Aggregation, introduced in the post,**5 Ways to Create a Bar Chart / An Introduction to Aggregation**, is an important concept to consider when creating calculated fields. A calculated field for SUM([Profit]) / SUM([Sales]) gives you a very different answer than [Profit] / [Sales], even though both formulas are valid. If you don't specify the aggregation within the calculated field, Tableau calculates the equation for each record in your analysis and then aggregates the answers for all rows together when the calculated field is added to the view. It is critical to quality check the calculated fields and make sure you see the expected results before integrating the new measurements into your work.

So far, we've created a new measure for Orders and used the Orders metric in a second new calculated field for AOV. Now let's put the new fields to work by answering our business question: What is the AOV of the product subcategories we manage compared to everything else? For this illustration, we will pretend to manage the Copiers, Machines, and Supplies subcategories. To answer this question, let's create a third calculated field, this time with a new subcategory segmentation dimension.

This calculation is slightly different because we will be using IF/THEN logic to create a segmentation: one segment for the subcategories we manage (copiers, machines and supplies) and the other segment for every other subcategory. The formula looks like this:

All this calculation says is that if the Subcategory dimension member matches copiers, machines, or supplies, we want the data to be classified as "My Subcategories". If the dimension member is anything other than these three, we want the data to be classified as "Other". To check the quality of a dimension calculation like this, we first put the original dimension on the row shelf, followed by the newly created calculated field to check that the dimension members are calculated correctly:

As you can see, my three subcategories are classified as "My Subcategories" in the second column, and everything else is classified as "Other".

We are now ready to answer our business question by placing the calculated AOV field in the view and then split and dice the measure based on the Subcategory Segment dimension:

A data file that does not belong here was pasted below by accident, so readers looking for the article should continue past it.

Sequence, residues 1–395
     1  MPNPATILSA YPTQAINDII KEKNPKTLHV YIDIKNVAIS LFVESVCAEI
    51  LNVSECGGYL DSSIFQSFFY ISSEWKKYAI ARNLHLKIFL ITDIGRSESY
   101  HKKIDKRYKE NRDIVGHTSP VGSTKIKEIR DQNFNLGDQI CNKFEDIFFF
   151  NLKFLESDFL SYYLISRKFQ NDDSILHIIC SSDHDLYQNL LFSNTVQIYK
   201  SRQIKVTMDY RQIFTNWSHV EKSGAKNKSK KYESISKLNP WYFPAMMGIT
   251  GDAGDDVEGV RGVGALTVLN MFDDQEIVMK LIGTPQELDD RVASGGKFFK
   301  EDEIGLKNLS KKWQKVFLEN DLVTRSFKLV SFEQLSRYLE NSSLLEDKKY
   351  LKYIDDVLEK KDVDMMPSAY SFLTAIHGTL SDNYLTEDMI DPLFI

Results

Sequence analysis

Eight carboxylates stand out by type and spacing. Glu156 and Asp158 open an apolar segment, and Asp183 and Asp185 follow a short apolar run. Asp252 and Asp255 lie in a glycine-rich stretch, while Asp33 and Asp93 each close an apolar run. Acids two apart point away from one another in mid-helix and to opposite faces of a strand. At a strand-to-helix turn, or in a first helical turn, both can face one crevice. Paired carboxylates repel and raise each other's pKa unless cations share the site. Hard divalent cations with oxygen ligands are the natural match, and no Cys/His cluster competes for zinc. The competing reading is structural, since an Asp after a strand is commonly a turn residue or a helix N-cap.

The answer clearly shows that the AOV for the product subcategories we manage is much higher than the AOV for all other subcategories – maybe it's time we asked for a bonus!

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## FAQs

### How do you learn calculated fields in Tableau? ›

In a worksheet in Tableau, **select Analysis > Create Calculated Field**. In the Calculation Editor that opens, give the calculated field a name. In this example, the calculated field is called Profit Ratio.

**What are the three main types of calculations in Tableau? ›**

**Overview of the three main types of calculations**

- Row Level calculations: These calculations are performed for every row of underlying data. ...
- Aggregate Level calculations: These calculations are performed at an aggregate level.

**What is the main difference between calculated fields and table calculations in Tableau? ›**

Table Calculations (including the Quick Table Calculations) live in our Tableau View. They are created in the view and stay there, locally in our worksheet. **Calculated Fields are created on a data level and appear as a separate column in the data source**.

**How many calculated fields are there in Tableau? ›**

There are **three main types of calculations** Tableau provides in Tableau calculated fields: Basic expressions: Basic operations transform your data at row level or at the visualization level of detail (an aggregate calculation).

**Does Tableau use SQL for calculated fields? ›**

**Tableau calculates queries the same as SQL**. Table calculations are a bit different and I prefer to leave those aside at least until we tie out the results to those from SQL. Fortunately the SQL is straight-forward, so we can verify each step.

**What is the purpose of calculated field? ›**

A calculated field is a formula that performs some action on one or more other fields in your data source. Calculated fields can **perform arithmetic and math, manipulate text, date, and geographic information, and use branching logic to evaluate your data and return different results**.

**What are the 7 data types in Tableau? ›**

**These seven data types are:**

- String values.
- Number/Integer values.
- Date values.
- Date & Time values.
- Boolean values.
- Geographic values.
- Cluster or mixed values.

**What are the 6 data types in Tableau? ›**

In this article, we discussed different data types in tableau: **string, numerical, date, date & time, Boolean, geographical, and mixed data type**.

**What is the difference between total and sum in Tableau? ›**

What is the difference between SUM and TOTAL functions in Tableau? SUM – is an aggregate function used to sum all the values in an expression. Note, SUM can be used with numeric fields ONLY. TOTAL – is a table calculation function that returns the total of a given expression.

**Which one is a reason for creating a calculated field Tableau? ›**

**Why use Tableau Calculation Fields?**

- To use different filters to remove unwanted results for better analysis.
- To segment data in new ways.